Book Image

AWS Administration - The Definitive Guide

By : Yohan Wadia, Naveen Kumar Vijayakumar
Book Image

AWS Administration - The Definitive Guide

By: Yohan Wadia, Naveen Kumar Vijayakumar

Overview of this book

AWS is at the forefront of Cloud Computing today. Many businesses are moving away from traditional datacenters and toward AWS because of its reliability, vast service offerings, lower costs, and high rate of innovation. Because of its versatility and flexible design, AWS can be used to accomplish a variety of simple and complicated tasks such as hosting multitier websites, running large scale parallel processing, content delivery, petabyte storage and archival, and lots more. Whether you are a seasoned sysadmin or a rookie, this book will provide you with all the necessary skills to design, deploy, and manage your applications on the AWS cloud platform. The book guides you through the core AWS services such as IAM, EC2, VPC, RDS, and S3 using a simple real world application hosting example that you can relate to. Each chapter is designed to provide you with the most information possible about a particular AWS service coupled with easy to follow hands-on steps, best practices, tips, and recommendations. By the end of the book, you will be able to create a highly secure, fault tolerant, and scalable environment for your applications to run on.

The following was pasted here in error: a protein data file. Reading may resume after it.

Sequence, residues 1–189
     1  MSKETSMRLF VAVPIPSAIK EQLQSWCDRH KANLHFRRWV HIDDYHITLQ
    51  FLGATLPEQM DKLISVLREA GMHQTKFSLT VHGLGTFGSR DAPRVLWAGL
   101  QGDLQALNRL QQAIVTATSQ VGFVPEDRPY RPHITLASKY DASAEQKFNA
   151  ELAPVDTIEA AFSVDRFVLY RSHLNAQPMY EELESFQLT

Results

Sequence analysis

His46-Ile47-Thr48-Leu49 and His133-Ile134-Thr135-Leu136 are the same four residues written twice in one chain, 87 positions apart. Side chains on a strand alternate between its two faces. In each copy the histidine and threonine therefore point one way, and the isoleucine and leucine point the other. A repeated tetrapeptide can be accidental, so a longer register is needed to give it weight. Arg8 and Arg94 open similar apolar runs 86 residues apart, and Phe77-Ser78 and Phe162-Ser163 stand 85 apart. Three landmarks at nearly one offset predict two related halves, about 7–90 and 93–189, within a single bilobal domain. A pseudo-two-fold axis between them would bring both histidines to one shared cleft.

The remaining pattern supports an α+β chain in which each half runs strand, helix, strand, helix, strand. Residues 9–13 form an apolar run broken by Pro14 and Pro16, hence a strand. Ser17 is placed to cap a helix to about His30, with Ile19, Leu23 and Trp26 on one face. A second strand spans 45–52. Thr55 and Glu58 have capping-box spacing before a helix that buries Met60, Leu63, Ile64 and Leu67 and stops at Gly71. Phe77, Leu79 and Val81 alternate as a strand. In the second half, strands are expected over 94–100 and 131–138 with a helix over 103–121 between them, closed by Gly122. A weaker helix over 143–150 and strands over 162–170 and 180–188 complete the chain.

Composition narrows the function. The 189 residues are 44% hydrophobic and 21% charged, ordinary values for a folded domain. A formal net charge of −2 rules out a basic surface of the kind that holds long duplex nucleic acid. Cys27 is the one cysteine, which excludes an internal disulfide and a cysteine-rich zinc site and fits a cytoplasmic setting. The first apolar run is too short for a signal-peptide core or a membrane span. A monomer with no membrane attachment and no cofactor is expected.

Table of Contents (17 chapters)
AWS Administration – The Definitive Guide
About the Author
About the Reviewer

Planning your next steps

Well, we have covered a lot about CloudWatch in this chapter; however, there are a few things that I would really recommend you to try out next. First off is exporting your log data to S3. Although an optional step, exporting your logs over to S3 can be really beneficial in terms of analyzing and monitoring your application's as well as your instance's performance and trends. How do you get started with this? Well, it's very simple!

You will need to first create an S3 bucket in the same region as that of your log data. Next, provide a set of permissions to your S3 bucket so that it and its contents are writeable by CloudWatch Logs. You can use an IAM policy or even use S3's access polices for the same. Finally, create a CloudWatch Logs Export task that includes your log group's name as the input and the S3 bucket's destination as the output. That's it! You can read more about the detailed steps required for exporting logs to S3 at